3 Homeschooling Strategies for a Peaceful Year
How to prepare for a successful new year of prayer and learning, while keeping yourself sane
Back-to-school is a stressful time of year. About 50 million kids are finishing up summer reading that should have been done back in June, parents are adjusting work schedules to account for bus drop-offs and pick-ups, and everyone is both nervous and excited about the next 10 months.
That’s the public and private school norm for the last two generations. But what about the million-plus American kids who are going to be homeschooled this coming year? If there’s one thing the pandemic made clear, it’s that many families see another option besides changing their entire lives around for a school system that produces mediocre results while promoting morally problematic values and (at times) denying parents the right to make key decisions for their children.
But homeschooling has its own challenges. You have to keep the younger kids engaged (or at least out of your hair), design a schedule that can last more than a few days, keep the house reasonably clean, and keep yourself showered and sane.
I grew up homeschooling and saw my mom go through every normal homeschool challenge, but teaching my Irish twins first grade while wrangling a 2-year-old and an 8-month-old has shown me that I’m no pro. But I’ve learned a lot, and shared some of what works for us on my podcast. The keys are:
- cultivating strategies for patience (candles for fragrance, sugar-free gum for destressing, and coffee to stay alert),
- entertaining younger kids (sensory items and trading off older kids as babysitters),
- keeping the house clean (boxes are your friends), and
- using a prayer box.
Read on for tips on how to accomplish these goals.
The bedrock of Catholic homeschooling is teaching children to pray. It probably can’t be terribly long due to kids’ attention spans, but it must be incorporated into your schedule or it’ll slip through your fingers like dinner in a toddler’s hands.
Every morning, we take down the prayer box — our family’s twist on a prayer altar — to make prayer time special for the kids. It has holy water, candles, a statue of Jesus, rosaries, saint dolls and other items the kids can hold and handle. I often let them pick their own items and favorite prayers to help them take ownership of this time. Once we’re done, the box goes back on the shelf.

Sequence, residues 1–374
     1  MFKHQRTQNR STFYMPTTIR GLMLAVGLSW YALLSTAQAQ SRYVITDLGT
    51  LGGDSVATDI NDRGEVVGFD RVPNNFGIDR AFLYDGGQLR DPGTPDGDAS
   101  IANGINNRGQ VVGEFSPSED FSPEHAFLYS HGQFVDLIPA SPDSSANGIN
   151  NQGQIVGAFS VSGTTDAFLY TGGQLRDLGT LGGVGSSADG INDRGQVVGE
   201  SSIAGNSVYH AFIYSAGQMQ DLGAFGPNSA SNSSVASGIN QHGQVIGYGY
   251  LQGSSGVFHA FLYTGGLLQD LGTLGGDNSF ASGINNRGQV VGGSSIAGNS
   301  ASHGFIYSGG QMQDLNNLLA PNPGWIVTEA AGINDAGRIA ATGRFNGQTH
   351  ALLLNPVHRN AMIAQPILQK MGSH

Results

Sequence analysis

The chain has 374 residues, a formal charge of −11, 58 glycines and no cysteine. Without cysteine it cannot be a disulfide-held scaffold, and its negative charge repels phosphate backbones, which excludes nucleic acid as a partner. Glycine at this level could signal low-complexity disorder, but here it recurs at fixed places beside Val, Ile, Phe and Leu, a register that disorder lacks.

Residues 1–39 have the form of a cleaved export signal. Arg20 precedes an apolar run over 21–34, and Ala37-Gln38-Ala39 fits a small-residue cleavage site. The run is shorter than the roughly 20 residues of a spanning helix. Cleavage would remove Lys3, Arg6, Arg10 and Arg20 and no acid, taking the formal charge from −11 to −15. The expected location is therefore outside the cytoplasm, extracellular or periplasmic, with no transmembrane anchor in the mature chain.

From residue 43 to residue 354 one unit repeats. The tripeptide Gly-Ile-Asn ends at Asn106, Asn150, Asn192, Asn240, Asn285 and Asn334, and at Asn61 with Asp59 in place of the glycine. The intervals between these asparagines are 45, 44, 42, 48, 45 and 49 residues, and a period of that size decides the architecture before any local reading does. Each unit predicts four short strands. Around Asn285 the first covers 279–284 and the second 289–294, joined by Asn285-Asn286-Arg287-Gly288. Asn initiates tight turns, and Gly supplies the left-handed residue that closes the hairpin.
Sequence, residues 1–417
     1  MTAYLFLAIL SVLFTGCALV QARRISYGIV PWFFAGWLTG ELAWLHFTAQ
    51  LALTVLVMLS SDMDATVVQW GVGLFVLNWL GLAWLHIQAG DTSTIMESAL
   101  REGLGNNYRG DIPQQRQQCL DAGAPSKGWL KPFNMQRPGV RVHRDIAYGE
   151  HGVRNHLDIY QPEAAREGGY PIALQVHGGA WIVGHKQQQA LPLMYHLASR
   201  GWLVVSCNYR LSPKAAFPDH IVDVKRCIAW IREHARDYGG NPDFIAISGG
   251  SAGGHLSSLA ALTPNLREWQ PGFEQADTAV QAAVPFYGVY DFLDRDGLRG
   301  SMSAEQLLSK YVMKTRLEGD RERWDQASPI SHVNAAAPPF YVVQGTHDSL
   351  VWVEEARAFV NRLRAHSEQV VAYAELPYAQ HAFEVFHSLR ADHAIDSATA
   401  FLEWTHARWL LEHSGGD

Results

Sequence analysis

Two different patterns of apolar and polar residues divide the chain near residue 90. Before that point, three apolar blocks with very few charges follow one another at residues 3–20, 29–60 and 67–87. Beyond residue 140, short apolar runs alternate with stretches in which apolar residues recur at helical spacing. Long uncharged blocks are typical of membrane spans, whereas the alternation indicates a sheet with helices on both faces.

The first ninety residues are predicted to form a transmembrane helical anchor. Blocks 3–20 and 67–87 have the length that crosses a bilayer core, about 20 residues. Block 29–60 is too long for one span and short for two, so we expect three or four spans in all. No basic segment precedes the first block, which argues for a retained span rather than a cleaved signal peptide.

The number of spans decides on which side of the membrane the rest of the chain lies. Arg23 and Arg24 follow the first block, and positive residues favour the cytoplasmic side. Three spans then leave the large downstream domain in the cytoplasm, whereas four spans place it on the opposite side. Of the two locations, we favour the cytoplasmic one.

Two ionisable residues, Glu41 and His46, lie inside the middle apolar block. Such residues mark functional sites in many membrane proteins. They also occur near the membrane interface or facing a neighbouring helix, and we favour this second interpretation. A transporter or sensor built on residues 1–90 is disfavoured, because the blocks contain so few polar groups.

I know of other families that pray the noon Angelus prayer or a Divine Mercy chaplet at 3 o’clock. Perhaps you start your day with a Rosary — or at least a decade. I always try to incorporate a hymn, Latin chant (my kids often insist on the Salve Regina) or a children’s song like “Jesus Loves Me.” The most important thing is to read where the kids are that day and do your best to help them foster a connection to their faith.
This might be the hardest part of homeschooling. Two of my kids are “in school,” but that doesn’t keep the younger ones from getting in the way and also wanting to learn. We find ourselves in a season without synchronized naptime, so my first tactic is timing homeschooling for when one of them is napping.
Keeping sensory material around has been a boon for me. My 2-year-old runs her hands through a box of beans with little scoops and buckets, or “cleans” toy animals with a bit of soapy water and a sponge. This keeps her entertained and contained so I can teach both older kids. If that doesn’t work, I’ll have one of the older kids spend time with her while I teach the other child, and then they will switch.
I’ve also discovered that holding my 2-year-old on my lap and imitating the same actions as I’m doing with the older ones — such as running my finger along the page of the book — keeps everything on track. Kids want to feel included, so I try to make that happen when circumstances allow.
Keeping yourself sane is all about prioritizing self-care. Think about it in multiple steps:
First, have a core strategy. For me, this starts with the prayer and kid prep and continues with a candle that has a nice fragrance.
Second, have backup plans. This means understanding how I react to stress and how I should handle it. It includes options like tearing apart a piece of sugar-free gum instead of tearing out my hair, and resetting by savoring a warm cup of coffee.
Third, pull the emergency cord. When you’re stressed or exhausted, it’s okay to have classes in a different environment — think the backyard instead of the basement — or to truncate a day’s classes and opt for outside time. If we really can’t make it through our lessons, I rely on my husband’s help in the evenings or weekends to finish up.
Fourth, try to network within your community to have teenage or preteen homeschoolers available for childcare on days when you need to finish lessons, run errands or get a nap in.
Homeschooling Is Tough — Be Prepared
Homeschooling is hard. Parents with kids in public or private schools know they have six to 10 hours (accounting for after-school activities) of time for greater self-care, running errands, etc. Homeschooling cuts into that. Being prepared is the only way to ensure that your kids get the value necessary to thrive in, but not be of, the world.
A former Broadway touring actress who also starred in Lifetime’s The Sisterhood: Becoming Nuns, Stacey Sumereau is a nationally recognized Catholic speaker and host of the Called and Caffeinated podcast.